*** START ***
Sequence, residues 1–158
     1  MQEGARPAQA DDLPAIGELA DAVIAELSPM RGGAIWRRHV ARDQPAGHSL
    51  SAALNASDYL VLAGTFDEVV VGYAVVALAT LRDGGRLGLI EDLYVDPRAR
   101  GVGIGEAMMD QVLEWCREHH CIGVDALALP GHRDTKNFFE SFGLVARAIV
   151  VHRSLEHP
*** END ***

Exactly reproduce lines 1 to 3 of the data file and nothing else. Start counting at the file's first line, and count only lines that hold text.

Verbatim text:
Sequence, residues 1–158
     1  MQEGARPAQA DDLPAIGELA DAVIAELSPM RGGAIWRRHV ARDQPAGHSL
    51  SAALNASDYL VLAGTFDEVV VGYAVVALAT LRDGGRLGLI EDLYVDPRAR